Galapagos Wildlife in July
July is a major month for mating and breeding and the Humboldt current strengthens from the South seas making micronutrients more plentiful and marine life is more active. It’s an excellent month for snorkelling and SCUBA diving. More dolphins and whales can be seen, especially off the western slopes of Isabela and east of Fernandina Island.
Waved albatross (Phoebastria irrorata)
Albatrosses are nesting. Their eggs were laid between April and June and incubated for two months. Upon hatching, the chicks congregate in small nurseries while the parents go out to the sea for hunting. When the parents return, they may feed the chicks up to 2 kg (4.4 lb) of oil.
Magnificent Frigatebirds (Fregata magnificens) and Great Frigatebirds (Fregata minor)
Are nesting in June (year-round on North Seymour only). Frigatebirds are big time kleptomaniacs throughout this process, as they frequently steal twigs from the nests of red-footed boobies and even other frigatebird couples.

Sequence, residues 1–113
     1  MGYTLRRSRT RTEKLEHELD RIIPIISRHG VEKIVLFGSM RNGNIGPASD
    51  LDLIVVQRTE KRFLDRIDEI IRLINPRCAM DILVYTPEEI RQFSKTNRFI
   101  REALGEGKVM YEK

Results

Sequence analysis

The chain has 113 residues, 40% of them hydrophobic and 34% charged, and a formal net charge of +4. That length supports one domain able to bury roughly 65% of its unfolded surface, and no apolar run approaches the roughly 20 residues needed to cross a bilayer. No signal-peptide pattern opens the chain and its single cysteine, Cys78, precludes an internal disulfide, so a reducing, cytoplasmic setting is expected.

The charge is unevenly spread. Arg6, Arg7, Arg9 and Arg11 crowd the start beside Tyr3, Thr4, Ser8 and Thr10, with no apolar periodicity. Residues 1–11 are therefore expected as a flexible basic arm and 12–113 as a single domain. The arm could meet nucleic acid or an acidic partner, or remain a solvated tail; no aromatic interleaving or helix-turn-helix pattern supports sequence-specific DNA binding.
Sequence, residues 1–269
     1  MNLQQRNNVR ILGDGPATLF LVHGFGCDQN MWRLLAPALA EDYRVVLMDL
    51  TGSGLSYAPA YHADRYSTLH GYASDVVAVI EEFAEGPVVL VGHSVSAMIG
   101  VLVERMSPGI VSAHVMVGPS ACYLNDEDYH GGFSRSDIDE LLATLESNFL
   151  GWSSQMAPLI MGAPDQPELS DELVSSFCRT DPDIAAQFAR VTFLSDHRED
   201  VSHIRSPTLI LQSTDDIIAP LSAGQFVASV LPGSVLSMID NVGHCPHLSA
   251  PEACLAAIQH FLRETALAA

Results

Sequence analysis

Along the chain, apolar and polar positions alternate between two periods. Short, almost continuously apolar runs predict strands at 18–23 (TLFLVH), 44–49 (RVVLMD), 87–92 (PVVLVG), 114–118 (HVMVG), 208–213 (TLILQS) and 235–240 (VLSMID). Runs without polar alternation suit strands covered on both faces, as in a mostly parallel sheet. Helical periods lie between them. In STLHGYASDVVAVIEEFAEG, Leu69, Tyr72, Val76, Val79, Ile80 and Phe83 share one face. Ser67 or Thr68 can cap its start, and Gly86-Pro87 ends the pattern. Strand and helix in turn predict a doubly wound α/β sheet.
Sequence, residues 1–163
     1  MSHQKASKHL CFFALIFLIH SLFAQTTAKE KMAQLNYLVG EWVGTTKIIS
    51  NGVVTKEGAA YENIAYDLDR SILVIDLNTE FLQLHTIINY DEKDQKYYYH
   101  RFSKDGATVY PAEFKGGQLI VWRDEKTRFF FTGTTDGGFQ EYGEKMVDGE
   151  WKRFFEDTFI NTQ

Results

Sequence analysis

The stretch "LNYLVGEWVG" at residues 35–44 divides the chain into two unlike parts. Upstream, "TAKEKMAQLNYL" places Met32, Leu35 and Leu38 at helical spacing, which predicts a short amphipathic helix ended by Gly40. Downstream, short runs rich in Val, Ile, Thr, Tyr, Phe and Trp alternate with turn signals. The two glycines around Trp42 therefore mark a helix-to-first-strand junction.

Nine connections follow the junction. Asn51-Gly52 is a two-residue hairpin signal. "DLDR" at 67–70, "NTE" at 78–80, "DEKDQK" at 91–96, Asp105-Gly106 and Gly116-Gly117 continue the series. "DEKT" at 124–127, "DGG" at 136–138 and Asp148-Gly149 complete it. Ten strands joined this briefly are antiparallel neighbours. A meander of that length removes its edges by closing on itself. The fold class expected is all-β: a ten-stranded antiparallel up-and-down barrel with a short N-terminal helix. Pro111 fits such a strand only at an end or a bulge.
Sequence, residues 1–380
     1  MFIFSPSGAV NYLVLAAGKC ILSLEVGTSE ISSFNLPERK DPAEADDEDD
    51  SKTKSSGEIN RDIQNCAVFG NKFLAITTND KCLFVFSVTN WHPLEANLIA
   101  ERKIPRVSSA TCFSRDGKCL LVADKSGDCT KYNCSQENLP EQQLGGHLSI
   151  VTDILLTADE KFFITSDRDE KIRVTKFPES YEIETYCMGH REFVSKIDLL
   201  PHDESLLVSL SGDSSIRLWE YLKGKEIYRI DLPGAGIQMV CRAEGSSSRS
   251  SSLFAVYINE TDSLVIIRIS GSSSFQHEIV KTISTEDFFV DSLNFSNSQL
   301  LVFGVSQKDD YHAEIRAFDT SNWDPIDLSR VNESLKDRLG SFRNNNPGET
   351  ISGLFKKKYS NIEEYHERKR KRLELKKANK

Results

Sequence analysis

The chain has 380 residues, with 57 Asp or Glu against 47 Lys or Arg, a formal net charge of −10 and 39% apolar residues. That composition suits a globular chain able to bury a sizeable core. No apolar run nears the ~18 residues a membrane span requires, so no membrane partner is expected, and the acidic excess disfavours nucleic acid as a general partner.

Galapagos sea lion (Zalophus wollebaeki)
It’s breeding season (May–January) and the males get aggressive chasing away competing males and accumulating harems. Don’t get too close to the males, they have been known to chase after camera wielding tourists, and they’re much faster than they seem!
The Pengins are nesting from May to January, within 50 meters of the shoreline mostly in areas where the colder waters prevail, normally between Isabela and Fernandina islands. Galapagos Penguins are the only penguins located in the Northern hemisphere. They choose a mate for life and their eggs are kept out of sun, and as a result egg holes are frequently found in caves or crevices. Egg caring duties are shared over the hatching period of five weeks. One parent always stays with the eggs and the other goes off to feed.
Blue-footed boobies (Sula nebouxii)
The blue-footed boobies are nesting and with luck you’ll be able to see all four life stages: eggs, chicks, juveniles and adults.